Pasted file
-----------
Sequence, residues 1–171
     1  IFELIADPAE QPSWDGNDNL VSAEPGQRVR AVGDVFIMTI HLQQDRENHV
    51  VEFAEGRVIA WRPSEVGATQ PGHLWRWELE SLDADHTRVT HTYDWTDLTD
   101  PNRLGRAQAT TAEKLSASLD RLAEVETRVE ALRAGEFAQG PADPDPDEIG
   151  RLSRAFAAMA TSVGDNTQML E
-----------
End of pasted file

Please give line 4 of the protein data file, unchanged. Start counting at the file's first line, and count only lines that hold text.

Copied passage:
   101  PNRLGRAQAT TAEKLSASLD RLAEVETRVE ALRAGEFAQG PADPDPDEIG